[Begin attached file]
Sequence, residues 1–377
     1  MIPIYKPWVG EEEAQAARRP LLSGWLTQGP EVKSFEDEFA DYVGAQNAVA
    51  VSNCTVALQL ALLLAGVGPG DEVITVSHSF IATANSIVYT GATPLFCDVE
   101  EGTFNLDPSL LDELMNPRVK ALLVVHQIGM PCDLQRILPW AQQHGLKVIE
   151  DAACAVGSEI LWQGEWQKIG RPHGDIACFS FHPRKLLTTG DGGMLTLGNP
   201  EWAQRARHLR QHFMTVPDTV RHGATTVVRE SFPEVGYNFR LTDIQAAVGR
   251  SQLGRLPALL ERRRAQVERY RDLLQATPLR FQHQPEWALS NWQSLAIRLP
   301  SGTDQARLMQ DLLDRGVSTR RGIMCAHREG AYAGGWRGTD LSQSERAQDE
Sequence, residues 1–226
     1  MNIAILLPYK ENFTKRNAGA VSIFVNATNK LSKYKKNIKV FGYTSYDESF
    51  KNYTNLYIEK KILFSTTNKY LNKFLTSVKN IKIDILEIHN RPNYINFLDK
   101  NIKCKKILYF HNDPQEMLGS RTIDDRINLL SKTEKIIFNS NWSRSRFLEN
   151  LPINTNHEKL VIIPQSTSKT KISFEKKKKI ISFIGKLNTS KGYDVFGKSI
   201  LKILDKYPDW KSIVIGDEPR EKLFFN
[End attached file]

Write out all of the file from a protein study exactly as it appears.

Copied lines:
Sequence, residues 1–377
     1  MIPIYKPWVG EEEAQAARRP LLSGWLTQGP EVKSFEDEFA DYVGAQNAVA
    51  VSNCTVALQL ALLLAGVGPG DEVITVSHSF IATANSIVYT GATPLFCDVE
   101  EGTFNLDPSL LDELMNPRVK ALLVVHQIGM PCDLQRILPW AQQHGLKVIE
   151  DAACAVGSEI LWQGEWQKIG RPHGDIACFS FHPRKLLTTG DGGMLTLGNP
   201  EWAQRARHLR QHFMTVPDTV RHGATTVVRE SFPEVGYNFR LTDIQAAVGR
   251  SQLGRLPALL ERRRAQVERY RDLLQATPLR FQHQPEWALS NWQSLAIRLP
   301  SGTDQARLMQ DLLDRGVSTR RGIMCAHREG AYAGGWRGTD LSQSERAQDE
Sequence, residues 1–226
     1  MNIAILLPYK ENFTKRNAGA VSIFVNATNK LSKYKKNIKV FGYTSYDESF
    51  KNYTNLYIEK KILFSTTNKY LNKFLTSVKN IKIDILEIHN RPNYINFLDK
   101  NIKCKKILYF HNDPQEMLGS RTIDDRINLL SKTEKIIFNS NWSRSRFLEN
   151  LPINTNHEKL VIIPQSTSKT KISFEKKKKI ISFIGKLNTS KGYDVFGKSI
   201  LKILDKYPDW KSIVIGDEPR EKLFFN